HHS has already launched a new page aimed at touting their latest attempts to revise the Affordable Care Act. Providing Relief Right Now for Patients links to initiatives HHS hatchet man Price has started to improve (gut) the ACA. The page states, “We are going through every page of regulations and guidance related to the Affordable Care Act to determine whether or not they work for patients and whether or not they are making our health care system better.”
Under Secretary Price’s proposed rule, a health insurance company could deny coverage during the open enrollment period if the consumer had a health plan through the company in the prior year, but let the coverage lapse for non-payment. Before the consumer could enroll in the plan, the insurance company could demand payment for those months after the plan was terminated for non-payment.
Since the beginning of health care reform under President Obama there has been intense speculation about how the health insurance companies will react when setting rates for the various health plans they offer. Health insurance is not a commodity like wheat, oil, or pork bellies where the market place of buyers and sellers agree upon a price. While competition does impact the rates to a certain degree, health insurance prices are largely determined by the health care services to be covered, the cost of health care services, and the expected claims for those services within a geographical location where the plan is being offered.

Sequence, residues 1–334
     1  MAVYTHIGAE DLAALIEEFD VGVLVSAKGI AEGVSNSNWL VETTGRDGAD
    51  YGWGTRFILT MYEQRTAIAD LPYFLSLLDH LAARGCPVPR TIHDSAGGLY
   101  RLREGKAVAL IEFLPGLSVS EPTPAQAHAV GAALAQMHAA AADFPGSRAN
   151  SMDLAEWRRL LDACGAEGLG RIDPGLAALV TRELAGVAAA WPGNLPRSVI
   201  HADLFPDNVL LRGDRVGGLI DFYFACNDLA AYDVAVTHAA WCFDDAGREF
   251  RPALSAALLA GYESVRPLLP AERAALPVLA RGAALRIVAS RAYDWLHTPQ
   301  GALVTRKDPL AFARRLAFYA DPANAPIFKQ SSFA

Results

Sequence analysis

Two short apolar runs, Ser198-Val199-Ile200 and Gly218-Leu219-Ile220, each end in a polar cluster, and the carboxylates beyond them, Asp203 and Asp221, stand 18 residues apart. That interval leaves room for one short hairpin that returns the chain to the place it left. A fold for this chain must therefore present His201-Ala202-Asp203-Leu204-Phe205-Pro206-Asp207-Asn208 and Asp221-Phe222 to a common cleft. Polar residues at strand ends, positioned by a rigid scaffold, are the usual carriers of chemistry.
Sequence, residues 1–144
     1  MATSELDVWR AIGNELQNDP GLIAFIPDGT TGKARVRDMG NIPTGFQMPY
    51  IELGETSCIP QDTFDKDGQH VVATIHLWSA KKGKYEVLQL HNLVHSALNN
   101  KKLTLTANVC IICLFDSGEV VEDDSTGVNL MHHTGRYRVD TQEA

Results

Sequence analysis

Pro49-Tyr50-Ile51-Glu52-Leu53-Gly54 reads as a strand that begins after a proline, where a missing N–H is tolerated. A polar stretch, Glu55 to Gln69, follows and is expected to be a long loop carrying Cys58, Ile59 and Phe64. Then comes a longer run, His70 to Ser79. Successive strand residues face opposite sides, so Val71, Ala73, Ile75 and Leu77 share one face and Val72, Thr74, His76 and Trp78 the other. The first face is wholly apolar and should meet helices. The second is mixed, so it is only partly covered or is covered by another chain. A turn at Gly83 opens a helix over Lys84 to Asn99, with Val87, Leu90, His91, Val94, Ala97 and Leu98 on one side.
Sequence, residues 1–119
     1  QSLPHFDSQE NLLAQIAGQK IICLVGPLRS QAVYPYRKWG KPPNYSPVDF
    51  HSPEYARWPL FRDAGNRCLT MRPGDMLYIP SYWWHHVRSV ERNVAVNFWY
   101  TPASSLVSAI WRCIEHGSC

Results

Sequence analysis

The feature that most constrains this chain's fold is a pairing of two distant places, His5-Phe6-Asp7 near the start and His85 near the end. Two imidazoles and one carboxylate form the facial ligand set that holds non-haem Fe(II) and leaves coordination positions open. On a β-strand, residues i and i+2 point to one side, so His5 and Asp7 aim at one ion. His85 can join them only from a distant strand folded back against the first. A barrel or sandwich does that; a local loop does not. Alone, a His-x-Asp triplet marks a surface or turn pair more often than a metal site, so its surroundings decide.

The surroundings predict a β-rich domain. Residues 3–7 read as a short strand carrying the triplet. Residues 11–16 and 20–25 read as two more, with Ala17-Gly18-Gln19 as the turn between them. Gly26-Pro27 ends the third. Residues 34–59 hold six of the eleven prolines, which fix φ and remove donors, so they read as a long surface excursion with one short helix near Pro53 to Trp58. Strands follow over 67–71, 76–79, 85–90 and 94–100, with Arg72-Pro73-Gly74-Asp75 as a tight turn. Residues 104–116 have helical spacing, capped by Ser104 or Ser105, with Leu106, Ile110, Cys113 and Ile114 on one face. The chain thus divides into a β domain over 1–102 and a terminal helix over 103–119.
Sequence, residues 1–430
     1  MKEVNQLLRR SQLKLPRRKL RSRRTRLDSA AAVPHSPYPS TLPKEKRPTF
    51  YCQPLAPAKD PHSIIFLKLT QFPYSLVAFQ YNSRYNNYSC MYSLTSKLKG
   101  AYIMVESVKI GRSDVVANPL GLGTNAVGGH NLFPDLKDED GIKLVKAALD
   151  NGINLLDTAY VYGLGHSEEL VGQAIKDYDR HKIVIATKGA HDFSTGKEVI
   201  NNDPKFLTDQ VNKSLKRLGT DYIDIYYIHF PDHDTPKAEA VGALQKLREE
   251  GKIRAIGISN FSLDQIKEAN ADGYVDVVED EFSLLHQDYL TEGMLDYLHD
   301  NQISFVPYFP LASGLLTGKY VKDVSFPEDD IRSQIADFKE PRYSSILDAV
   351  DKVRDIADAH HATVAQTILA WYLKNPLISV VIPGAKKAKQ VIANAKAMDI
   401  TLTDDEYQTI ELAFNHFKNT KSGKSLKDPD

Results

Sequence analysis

A Texas U.S. District Court Judge ordered the Department of Health and Human Services (HHS) not to enforce rules against discriminating against transgender health care services in health insurance policies. The order was issued on December 31, 2016 before the new nondiscrimination rules were set to go into effect. The nondiscrimination rules are part of Section 1557, the nondiscrimination provision of the Affordable Care Act (ACA). A lawsuit brought by The Becket Fund for Religious Liberty
Under an Executive order signed by President Trump on January 20, 2017, he gave federal bureaucracies the discretion and authority to waive any provision of the Affordable Care Act that might impose a fiscal burden on individuals and families. Two of the most prominent fiscal burdens are the repayment of excess Advance Premium Tax Credits and the Shared Responsibility Payment also known as the individual mandate penalty for not having health insurance.